At Idaho Central Credit Union, we have a wide variety of services to offer our business members. From business checking accounts, savings accounts, Certificates of Deposit (CDs), to loans and lines of credit, we understand what it takes to run a business. The SBA 7(a) Loan is a great resource for businesses’ lending needs. Whether you are ready to grow your inventory, buy another business, or buy brand new equipment, the SBA 7(a) Loan can help you reach your goal. Contact an SBA Loan expert today to take your business to the next level.

Financial Education

How to Identify, Prevent and Report Elder Abuse

Jun 10
2019
elderly man sitting in chair with cane

Let’s talk about Elder Abuse, particularly Elder Financial Abuse. Though not a commonly talked about subject, it is sadly commonly occurring. The NCOA (Nation Council on Aging) estimates that approximately 1 in 10 Americans aged 60+ have experienced some form of elder abuse, and one study estimates that only 1 in 14 cases of abuse are reported to the authorities.

Imagine this:

One day, you go to your neighbor’s home to drop off some homemade bread. She’s an older woman, and when you arrive, you notice her usually pristine home is a little unkempt, and she seems more withdrawn than normal. Her usual happy demeanor is gone, and your attempts to talk to her seem to go unmet. You notice on the table a stack of letters, one near the top that is clearly a collections notice. You’ve lived by her for a while, though, and this doesn’t seem to match up. Her daughter, and caretaker, comes home shortly after, and the feeling in the room is tense. Your neighbor withdraws a little more, and you decide that maybe it’s time to go home. They clearly have some things to work out, and it’s better if you leave them alone to do it. It’s not your place. Right?

But maybe it is your place.

Let’s talk about Elder Abuse, particularly Elder Financial Abuse.

Though not a commonly talked about subject, it is sadly commonly occurring. The NCOA (Nation Council on Aging) estimates that approximately 1 in 10 Americans aged 60+ have experienced some form of Elder Abuse, and one study estimates that only 1 in 14 cases of abuse are reported to the authorities.

So what exactly is it?

Elder Abuse can take many forms, but the top 6 forms of Elder Abuse are physical abuse, emotional abuse, sexual abuse, exploitation, neglect, and abandonment.

Let’s focus in on the financial side of it.

Financial abuse is best seen in sudden changes in the person’s financial situation. Refer back to our previous example, how does someone you have lived near for years, someone you have always known to be very financially responsible, suddenly have a collections notice laying out? Many things may have caused this change in their financial situation, but paired with the strange interaction, state of her home, and tension with her caretaker, this should raise some concerns.

Unfortunately, it isn’t always so visible, and can range from the simple mismanagement of the older person’s funds, to being denied access to the funds completely. This can also take the form of theft, fraud, forgery, identity theft, and street and internet scams. The list of potential abusers is also long, including family, caretakers, neighbors, professionals, and con artists.

So how can I help prevent this?

First, be aware of the threat, and know the signs. Be on the lookout for any signs of physical abuse (bruises, marks, refusal to seek medical help for injuries, weight loss, lack of basic  hygiene), emotional abuse (changes in behavior, unresponsive, suspicious or fearful, loss of interest, isolation), and financial abuse (unusual financial activity, strange signature on checks, life circumstances don’t match with his or her financial assets).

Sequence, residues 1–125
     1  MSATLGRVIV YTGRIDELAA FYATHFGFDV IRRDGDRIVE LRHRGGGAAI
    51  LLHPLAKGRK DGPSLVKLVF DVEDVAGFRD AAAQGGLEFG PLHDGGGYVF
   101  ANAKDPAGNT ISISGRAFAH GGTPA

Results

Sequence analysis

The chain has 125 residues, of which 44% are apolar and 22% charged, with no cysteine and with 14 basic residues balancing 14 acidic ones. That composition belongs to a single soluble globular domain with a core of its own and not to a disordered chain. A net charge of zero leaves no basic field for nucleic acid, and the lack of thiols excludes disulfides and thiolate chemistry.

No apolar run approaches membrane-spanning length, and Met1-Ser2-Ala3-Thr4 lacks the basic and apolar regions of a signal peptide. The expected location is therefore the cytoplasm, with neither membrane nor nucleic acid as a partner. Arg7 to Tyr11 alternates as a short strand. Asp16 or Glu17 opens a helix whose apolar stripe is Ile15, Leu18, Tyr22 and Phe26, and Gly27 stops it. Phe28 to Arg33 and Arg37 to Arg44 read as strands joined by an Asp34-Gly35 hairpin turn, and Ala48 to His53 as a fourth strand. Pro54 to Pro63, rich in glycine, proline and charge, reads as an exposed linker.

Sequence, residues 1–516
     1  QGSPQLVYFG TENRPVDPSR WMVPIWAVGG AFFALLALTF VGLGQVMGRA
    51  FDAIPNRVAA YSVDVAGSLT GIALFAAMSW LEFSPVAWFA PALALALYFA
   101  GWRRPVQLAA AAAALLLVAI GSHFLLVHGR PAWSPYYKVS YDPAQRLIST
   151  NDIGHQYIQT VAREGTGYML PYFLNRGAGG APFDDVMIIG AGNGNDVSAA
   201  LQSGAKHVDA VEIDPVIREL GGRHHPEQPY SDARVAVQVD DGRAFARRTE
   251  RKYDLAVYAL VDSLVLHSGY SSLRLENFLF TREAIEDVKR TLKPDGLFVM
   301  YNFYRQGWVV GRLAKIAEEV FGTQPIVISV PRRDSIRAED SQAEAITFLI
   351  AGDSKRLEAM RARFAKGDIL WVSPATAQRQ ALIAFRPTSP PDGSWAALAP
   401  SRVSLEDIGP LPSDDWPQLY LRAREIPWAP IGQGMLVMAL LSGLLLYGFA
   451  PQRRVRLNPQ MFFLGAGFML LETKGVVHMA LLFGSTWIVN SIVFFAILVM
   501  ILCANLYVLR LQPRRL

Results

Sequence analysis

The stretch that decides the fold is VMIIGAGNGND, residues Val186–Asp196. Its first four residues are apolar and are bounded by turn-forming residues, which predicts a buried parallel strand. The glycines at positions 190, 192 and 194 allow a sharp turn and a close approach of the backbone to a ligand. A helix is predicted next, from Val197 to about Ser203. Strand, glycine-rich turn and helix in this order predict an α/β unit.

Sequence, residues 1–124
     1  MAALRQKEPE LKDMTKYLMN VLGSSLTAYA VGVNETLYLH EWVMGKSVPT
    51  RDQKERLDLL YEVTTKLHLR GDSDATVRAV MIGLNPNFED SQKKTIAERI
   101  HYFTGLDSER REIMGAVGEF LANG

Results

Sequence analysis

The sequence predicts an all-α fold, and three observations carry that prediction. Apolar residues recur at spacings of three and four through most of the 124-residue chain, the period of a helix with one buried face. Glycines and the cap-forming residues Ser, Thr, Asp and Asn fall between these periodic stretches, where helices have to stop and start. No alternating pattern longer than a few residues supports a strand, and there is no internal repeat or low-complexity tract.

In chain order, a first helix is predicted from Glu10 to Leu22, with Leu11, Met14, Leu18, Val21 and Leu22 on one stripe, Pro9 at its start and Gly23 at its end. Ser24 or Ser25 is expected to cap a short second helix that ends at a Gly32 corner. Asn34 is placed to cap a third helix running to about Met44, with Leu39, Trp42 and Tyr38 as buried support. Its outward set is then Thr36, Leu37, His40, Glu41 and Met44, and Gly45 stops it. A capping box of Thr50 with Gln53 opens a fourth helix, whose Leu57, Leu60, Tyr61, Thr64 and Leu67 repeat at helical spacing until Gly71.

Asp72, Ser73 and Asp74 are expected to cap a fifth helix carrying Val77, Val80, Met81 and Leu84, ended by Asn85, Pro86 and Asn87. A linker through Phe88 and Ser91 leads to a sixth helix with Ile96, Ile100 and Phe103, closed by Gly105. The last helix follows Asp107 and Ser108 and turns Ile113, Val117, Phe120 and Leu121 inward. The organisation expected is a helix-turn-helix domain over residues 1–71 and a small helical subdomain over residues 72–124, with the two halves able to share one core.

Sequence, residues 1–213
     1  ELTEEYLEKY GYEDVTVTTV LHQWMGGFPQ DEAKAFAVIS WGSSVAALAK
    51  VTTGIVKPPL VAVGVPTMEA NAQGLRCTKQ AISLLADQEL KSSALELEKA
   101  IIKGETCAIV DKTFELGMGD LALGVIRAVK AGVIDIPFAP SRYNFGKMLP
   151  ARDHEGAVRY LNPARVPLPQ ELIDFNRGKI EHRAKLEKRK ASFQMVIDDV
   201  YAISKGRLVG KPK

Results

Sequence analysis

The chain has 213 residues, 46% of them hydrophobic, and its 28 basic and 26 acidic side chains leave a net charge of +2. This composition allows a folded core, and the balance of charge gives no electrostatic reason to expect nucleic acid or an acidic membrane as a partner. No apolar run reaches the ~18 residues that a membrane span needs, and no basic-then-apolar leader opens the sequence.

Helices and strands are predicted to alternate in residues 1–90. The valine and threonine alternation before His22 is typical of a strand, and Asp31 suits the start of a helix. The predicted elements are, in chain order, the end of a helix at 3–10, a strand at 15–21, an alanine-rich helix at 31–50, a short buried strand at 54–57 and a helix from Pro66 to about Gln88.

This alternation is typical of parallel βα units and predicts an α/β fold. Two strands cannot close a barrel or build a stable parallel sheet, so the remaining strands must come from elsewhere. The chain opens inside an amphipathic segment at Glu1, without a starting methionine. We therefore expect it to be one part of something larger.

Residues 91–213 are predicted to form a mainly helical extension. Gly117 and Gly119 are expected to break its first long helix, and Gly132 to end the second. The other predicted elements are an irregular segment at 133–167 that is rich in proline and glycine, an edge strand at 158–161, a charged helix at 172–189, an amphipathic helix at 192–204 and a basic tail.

To stay on the lookout for these, keep in contact with the elders in your life. Building and maintaining a relationship with them will allow you to notice if things change, and will help them to trust and feel comfortable enough to ask for help when needed. Remember to also inform them of any scams you may be aware of. Keeping them informed on best practices to keep their identity and money safe can help prevent this abuse from occurring.

How do I protect myself?

There are many simple but effective way to take your care into your own hands whenever possible. Stay educated on any scams, and what to look out for. Remember to check your accounts regularly, even if your son, daughter, or caretaker is handling your finances for you.

Open your own mail, so you are always first to receive any communication about your accounts or bills that you may need to know. Don’t hesitate to contact your financial institution; they can help you identify any scams or fraud, and help you with the next steps needed to protect yourself.  Just adding these simple tasks to your life may help you prevent unforeseen loss.

What do I do if I think this may be occurring?

Don’t ignore it; there are resources for you. Contact your state’s Adult Protect Services agency, or the Eldercare Locator hotline at 1-800-677-1116. They can help walk you through the entire process, and coordinate efforts with social services, law enforcement, and other agencies to investigate the allegation. Reporting abuse can be intimidating and uncomfortable, but if you suspect abuse, contact them as soon as possible.

Where can I find information?

Great question! Below are a list of some great resources to learn more about Elder Abuse, and how you can help prevent it.

https://www.moneycrashers.com/identify-elder-financial-abuse/

https://www.ncoa.org/public-policy-action/elder-justice/elder-abuse-facts/

https://www.ncoa.org/economic-security/money-management/scams-security/protection-from-scams/